What are the common signs of stress or anxiety in dogs?


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This is a great question, because the common initial signs of stress or anxiety are easily, and therefore often, overlooked!

Dogs communicate with their whole bodies, the way they behave, their voices, and also through deliberate use of scent – for example, they exude pheromones which, through smell, can tell other dogs lots of personal information, including how they’re feeling however, this remains beyond our human capability. Thankfully Dogs Trust have a helpful guide: https://www.dogstrust.org.uk/dogadvice/understanding-your-dog/body-language

Signs of stress or anxiety in your dog

Very obvious signs a dog is feeling uncomfortable about something that is happening, or might be about to happen, might include whining/barking and franticly trying to seek our attention, or get away from whatever it is that’s troubling them or behaving aggressively to try to make whatever’s troubling them go away instead. However, recognising the subtle signs of increasing discomfort means we can help dogs feel safe long before they become this upset.

Subtle signs of escalating stress/anxiety include muscles becoming tense, slowed movement, and lowering their body to the floor, as though attempting to appear smaller/less threatening. Ears are held back, tighter against heads, and with narrowed eyes to avoid staring intently, which could be intimidating to others. But you might also see the whites of eyes as they scan for potential danger. As facial muscles tighten, foreheads become furrowed – like many of these signs, difficult to detect in fluffier dogs. Watch for little repeated tongue flicks and lip-licks. Dogs might also yawn and pant when not at all tired, or hot.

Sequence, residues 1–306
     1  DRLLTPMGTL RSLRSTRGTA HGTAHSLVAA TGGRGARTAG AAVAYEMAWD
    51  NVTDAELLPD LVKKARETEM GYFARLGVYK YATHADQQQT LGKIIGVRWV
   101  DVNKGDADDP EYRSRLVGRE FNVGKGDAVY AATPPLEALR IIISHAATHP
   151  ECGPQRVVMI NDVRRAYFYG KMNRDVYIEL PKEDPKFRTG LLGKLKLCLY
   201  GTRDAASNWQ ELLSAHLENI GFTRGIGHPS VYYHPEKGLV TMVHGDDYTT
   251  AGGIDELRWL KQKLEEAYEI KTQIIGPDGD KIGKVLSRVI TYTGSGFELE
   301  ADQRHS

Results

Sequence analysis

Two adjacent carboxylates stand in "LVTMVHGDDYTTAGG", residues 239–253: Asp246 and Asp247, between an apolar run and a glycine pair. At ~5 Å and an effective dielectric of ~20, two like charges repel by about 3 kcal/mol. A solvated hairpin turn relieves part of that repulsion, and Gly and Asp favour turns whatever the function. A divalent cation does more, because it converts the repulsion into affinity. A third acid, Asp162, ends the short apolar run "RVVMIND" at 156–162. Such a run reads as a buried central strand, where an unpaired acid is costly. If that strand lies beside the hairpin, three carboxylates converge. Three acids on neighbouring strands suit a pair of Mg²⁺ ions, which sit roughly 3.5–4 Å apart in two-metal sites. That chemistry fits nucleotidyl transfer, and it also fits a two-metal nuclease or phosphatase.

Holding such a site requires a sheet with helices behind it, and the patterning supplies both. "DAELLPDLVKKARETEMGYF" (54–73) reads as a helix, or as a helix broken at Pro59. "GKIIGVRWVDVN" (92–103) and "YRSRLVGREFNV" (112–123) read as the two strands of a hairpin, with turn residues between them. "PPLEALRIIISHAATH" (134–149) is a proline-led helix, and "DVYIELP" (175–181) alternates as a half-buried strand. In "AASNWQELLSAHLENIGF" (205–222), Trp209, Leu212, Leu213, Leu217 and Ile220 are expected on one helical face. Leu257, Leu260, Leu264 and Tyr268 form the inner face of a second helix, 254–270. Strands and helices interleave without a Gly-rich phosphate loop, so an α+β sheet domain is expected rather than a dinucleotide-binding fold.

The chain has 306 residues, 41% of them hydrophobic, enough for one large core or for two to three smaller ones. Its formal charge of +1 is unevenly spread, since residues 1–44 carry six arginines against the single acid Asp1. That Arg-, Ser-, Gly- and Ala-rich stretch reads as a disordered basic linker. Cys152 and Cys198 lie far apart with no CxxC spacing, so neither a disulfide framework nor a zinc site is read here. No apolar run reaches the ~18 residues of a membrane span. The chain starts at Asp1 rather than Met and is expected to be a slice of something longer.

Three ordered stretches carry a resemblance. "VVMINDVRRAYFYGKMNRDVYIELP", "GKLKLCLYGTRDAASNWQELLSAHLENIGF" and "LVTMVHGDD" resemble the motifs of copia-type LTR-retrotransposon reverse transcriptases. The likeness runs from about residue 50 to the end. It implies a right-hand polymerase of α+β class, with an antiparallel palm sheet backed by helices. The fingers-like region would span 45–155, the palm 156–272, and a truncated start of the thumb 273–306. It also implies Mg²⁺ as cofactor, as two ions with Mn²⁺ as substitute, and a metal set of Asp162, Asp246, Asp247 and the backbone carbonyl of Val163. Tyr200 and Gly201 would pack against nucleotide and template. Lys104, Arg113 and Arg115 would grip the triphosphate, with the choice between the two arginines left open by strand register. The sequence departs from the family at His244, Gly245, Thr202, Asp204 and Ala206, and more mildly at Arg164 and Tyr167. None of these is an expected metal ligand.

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Another giveaway sign are tails lowered and/or tucked right beneath tummies. Anxious dogs generally want to avoid whatever’s concerning them, so might move behind you, turn their heads, or lean away. They’ll want to keep aware of any danger so could become vigilant and agitated; however, are likely to keep their weight backwards, in the way you might lean back in your chair if a scary spider suddenly appeared crawling across your computer screen. They might also lift a paw to demonstrate zero desire to join in any activity. You might see their tail tip twitch very slightly, too.

Other signs might include trembling and pacing because their body is full of nervous energy. A dog might also jump up much more than usual and appear demanding something of you, they might also grab treats less gently than usual. You might also see a change in eating or sleeping patterns, as well as changes in usual behaviour – for example, not wanting to play or walk in a particular place any longer.

It’s important to consult your vet when you believe your dog to be stressed, because the reason might be medical, and your vet can either rule out any trouble brewing or treat nice and early! Your vet can also refer you to an accredited clinical animal behaviourist to help you get to the bottom of your dog’s stress/anxiety and help them feel and behave differently.